FRANKFURT, Germany -- The European Central Bank cut its key interest rate to a record low 0.50 per cent Thursday and announced other measures to spur lending and help lift the euro area out of a stubborn recession.

The bank also extended its offer of unlimited, cheap loans to banks at least through July 2014. Previously, the ECB had planned to end the program as soon as this July

The ECB lowered its benchmark refinancing rate from 0.75 per cent, as expected, at a meeting of its rate-setting council in Bratislava, Slovakia.

ECB President Mario Draghi indicated he was prepared to flex its muscles further in the face of high and rising unemployment and growing evidence that Europe's economy is getting weaker. He said the ECB stood "ready to act if needed."

Eager to jolt banks into lending more freely, Draghi said the ECB would even consider charging banks to deposit funds with the ECB by lowering their deposit rate into negative territory from the current zero per cent. That would make room to cut the refinancing rate again -- since the bank likes to keep some space between the two rates.

Together, the measures announced by the ECB Thursday amounted to a grim recognition: despite record-low interest rates, European banks still remain cautious about lending to consumers and businesses, while some companies don't want to risk borrowing in a slow economy.

Draghi also delivered a warning to Europe's political leaders: extraordinary actions by the central bank will not be enough to heal the region's economy. Governments need to accelerate efforts to cut excessive regulations and make Europe a more hospitable place for business.

The economy of the 17 European Union countries that use the euro certainly needs a boost. The ECB says the eurozone will shrink 0.5 per cent for all of this year and unemployment is at 12.1 per cent.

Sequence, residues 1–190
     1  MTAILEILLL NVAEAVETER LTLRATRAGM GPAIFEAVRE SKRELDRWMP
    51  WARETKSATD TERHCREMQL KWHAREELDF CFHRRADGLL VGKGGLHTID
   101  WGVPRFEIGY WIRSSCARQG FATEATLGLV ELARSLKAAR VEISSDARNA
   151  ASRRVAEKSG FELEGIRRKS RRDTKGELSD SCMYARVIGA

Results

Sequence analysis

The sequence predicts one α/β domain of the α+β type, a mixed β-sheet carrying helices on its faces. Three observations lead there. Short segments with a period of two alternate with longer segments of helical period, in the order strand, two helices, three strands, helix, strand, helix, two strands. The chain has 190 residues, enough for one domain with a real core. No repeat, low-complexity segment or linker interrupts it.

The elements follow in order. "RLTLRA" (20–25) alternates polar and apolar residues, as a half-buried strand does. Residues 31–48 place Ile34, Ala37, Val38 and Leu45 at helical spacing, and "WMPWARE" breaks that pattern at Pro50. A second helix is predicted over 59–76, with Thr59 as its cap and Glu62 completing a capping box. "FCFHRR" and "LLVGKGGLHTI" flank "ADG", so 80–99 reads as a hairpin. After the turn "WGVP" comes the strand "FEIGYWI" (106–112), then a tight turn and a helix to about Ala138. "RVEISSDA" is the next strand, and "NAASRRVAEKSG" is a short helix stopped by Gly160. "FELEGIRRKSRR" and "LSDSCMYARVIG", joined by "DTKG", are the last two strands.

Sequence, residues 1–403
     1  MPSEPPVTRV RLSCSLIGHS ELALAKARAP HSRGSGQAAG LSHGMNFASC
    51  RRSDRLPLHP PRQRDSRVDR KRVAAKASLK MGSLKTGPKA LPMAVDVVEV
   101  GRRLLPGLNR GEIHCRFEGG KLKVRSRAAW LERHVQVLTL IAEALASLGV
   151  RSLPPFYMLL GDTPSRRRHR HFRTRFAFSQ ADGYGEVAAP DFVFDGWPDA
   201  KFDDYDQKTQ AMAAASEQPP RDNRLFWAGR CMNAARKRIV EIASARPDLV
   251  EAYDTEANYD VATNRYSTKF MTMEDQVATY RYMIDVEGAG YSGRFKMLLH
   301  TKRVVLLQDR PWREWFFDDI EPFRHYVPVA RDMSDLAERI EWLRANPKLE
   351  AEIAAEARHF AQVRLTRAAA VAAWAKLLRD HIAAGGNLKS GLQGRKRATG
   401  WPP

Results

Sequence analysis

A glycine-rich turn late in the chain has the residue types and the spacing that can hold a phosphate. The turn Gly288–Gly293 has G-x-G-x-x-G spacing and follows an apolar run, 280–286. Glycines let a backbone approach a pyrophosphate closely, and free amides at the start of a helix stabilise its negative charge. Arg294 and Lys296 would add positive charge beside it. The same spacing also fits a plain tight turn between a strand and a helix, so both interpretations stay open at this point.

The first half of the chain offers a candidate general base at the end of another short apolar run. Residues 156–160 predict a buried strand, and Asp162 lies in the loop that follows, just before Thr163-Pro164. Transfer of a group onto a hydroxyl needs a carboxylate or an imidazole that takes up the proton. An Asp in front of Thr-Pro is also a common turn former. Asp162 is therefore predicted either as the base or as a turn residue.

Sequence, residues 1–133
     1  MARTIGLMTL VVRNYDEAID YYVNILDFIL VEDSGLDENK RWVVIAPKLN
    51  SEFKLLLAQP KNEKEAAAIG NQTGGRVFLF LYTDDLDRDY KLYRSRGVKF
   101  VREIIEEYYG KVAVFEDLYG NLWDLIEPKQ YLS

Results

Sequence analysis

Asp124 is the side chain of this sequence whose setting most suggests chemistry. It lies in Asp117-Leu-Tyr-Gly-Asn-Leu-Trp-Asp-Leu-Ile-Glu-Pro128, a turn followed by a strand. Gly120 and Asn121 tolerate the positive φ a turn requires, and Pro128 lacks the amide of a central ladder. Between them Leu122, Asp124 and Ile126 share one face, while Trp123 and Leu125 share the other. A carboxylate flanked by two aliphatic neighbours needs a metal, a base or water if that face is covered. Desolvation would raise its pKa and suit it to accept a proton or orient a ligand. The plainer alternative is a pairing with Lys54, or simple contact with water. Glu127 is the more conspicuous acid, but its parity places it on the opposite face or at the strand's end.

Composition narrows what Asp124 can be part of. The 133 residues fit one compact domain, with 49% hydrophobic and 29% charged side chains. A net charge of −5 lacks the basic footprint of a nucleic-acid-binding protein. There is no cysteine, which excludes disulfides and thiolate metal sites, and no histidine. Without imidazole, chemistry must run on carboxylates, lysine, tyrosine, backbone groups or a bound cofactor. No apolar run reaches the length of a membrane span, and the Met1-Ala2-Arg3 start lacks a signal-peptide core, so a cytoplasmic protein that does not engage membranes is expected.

Companies across the region are hurting. Auto sales slumped in the first quarter, hitting first-quarter profits at carmakers such as Daimler, Volkswagen and BMW.

BMW said Thursday that "we do not expect to receive a great deal of impetus from most European markets over the next few months."

Many economists say clogged lending to small companies meant Thursday's cut will not do much good. Marie Diron, senior advisor to Ernst & Young, said her assessment was "slight disappointment that the ECB has done the bare minimum."

At this point, how low rates can go is "a relatively technical point" compared to the bigger issue of getting low rates transmitted to companies, she said.

Draghi had only a sketchy proposal Thursday of how to solve the problem, saying that ECB officials were working with the European Union's executive commission and the European Investment Bank lending agency on a strategy to ease lending beyond lower rates. The idea under discussion was to create a market for securities backed by loans to businesses, a step that could free up more money for loans.

Market reaction to the ECB decision was muted as the interest rate cut had already been priced in by investors. However, the euro tumbled against the dollar, down almost 1 per cent to $1.306, after Draghi said he would not rule out taking the rate the bank offers lenders for deposits to below zero. This would mean a bank would have to pay to hold money with the ECB.

Most economists had expected a cut after recent economic indicators gave alarming signs that the ECB's prediction for a recovery by year-end might not be coming true. Draghi stuck with that prediction but said there were risks that "could dampen confidence and delay the recovery."

He also warned that governments could derail the recovery if they fail to take steps to right their finances and make their economies more business-friendly, such as by cutting excessive regulation on hiring and firing. Governments also need to push troubled banks to strengthen their finances.

"The ECB cannot supplant governments for the lack of structural reforms," he said, and "cannot clean bank's balance sheets."